rERP: Estimating ERPs using statistical regression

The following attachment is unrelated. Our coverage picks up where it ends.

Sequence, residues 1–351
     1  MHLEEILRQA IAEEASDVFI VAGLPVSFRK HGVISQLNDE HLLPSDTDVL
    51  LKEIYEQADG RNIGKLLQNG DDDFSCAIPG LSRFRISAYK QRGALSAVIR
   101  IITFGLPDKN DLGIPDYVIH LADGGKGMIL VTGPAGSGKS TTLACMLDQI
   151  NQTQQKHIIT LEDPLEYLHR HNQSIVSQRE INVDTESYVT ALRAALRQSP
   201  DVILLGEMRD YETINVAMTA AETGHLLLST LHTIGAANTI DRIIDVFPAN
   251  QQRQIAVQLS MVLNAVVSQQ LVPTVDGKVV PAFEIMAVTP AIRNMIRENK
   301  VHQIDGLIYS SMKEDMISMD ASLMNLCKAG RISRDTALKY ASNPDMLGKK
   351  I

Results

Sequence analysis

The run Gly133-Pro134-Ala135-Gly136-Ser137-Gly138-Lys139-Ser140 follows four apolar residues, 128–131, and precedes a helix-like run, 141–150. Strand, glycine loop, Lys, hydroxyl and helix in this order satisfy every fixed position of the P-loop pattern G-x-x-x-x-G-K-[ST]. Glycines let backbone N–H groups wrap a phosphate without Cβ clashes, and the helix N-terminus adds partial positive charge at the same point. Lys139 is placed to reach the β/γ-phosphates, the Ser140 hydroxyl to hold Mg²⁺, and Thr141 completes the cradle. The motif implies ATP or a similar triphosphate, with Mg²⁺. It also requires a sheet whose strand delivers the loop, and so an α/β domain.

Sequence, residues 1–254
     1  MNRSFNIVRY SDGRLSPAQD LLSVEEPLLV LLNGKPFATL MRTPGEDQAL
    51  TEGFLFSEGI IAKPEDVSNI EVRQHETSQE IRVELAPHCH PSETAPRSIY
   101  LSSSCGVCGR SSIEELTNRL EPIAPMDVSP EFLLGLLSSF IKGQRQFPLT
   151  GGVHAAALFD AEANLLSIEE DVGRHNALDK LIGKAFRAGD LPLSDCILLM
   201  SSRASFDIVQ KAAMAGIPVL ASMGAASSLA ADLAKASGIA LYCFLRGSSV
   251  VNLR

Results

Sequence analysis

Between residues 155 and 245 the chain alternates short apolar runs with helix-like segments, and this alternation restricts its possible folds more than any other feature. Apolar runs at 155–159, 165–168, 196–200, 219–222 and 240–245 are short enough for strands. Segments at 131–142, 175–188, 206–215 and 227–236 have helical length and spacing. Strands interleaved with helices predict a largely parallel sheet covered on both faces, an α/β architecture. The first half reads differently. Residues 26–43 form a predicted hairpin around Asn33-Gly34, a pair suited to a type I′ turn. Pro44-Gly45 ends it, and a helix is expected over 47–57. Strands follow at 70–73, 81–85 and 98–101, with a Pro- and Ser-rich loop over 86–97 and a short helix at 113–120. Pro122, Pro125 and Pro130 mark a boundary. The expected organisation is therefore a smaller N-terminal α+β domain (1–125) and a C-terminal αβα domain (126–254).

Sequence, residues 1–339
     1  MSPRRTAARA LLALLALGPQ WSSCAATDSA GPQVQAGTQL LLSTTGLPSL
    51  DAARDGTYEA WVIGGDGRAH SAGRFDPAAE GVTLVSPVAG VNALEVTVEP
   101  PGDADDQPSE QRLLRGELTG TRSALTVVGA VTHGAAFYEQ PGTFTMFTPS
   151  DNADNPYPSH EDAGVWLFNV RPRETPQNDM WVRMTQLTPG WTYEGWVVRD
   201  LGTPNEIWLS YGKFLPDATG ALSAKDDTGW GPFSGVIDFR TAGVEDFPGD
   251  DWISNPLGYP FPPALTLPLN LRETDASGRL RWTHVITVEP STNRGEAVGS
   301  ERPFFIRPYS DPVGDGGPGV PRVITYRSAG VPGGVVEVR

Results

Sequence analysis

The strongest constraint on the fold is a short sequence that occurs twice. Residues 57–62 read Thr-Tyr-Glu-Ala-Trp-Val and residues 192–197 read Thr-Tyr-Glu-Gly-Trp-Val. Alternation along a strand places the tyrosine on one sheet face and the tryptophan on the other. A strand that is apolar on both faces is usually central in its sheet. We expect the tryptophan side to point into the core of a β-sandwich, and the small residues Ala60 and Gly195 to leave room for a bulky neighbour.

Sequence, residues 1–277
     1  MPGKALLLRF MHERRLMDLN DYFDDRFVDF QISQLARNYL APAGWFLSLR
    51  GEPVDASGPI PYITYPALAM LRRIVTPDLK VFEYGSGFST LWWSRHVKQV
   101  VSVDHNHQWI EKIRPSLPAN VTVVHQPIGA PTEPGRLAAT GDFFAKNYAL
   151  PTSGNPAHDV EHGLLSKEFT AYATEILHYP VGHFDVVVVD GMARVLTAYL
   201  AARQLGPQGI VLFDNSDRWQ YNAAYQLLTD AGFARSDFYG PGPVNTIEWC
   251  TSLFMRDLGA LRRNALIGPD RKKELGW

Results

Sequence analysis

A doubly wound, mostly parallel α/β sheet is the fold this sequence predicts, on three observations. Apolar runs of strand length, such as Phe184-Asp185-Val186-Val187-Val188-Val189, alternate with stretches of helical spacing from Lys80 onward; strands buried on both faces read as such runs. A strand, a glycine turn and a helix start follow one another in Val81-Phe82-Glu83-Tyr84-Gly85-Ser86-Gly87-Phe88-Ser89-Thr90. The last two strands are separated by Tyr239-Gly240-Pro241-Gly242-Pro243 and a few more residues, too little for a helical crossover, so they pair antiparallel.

The traditional approach to estimating event-related potential (ERP) signals is to use averaging. This works well, but places severe limitations on experimental design. The theory underlying ERP analyses requires that stimuli vary only in a small number of categorical variables, with all other properties balanced, and events well-separated in time. These restrictions rule out many potentially interesting paradigms, and are nearly impossible to satisfy properly when studying a domain like language, where our stimuli necessarily vary in many correlated dimensions. Here, I'll describe how we can recast the averaging method as a simple form of regression. For traditional experimental designs, this produces identical results -- but it opens the door to applying a large toolbox of "off the shelf" tricks from the regression literature. These allow us to compute ERPs for multifactorial experiments with partial confounding (controlling for confounding variables post hoc), non-categorical stimulus properties, and events that are closely spaced in time. It may also allow the use of high-powered statistics to detect effects within individual participants. None of these methods are new, exactly; most have even been proposed individually in the neurophysiological literature in some form or another, or are close cousins of techniques used for fMRI analysis. But the rERP approach provides a single unified framework for handling both simple and complex EEG analysis problems in a straightforward way, while preserving the results and much of the toolkit of traditional ERP techniques.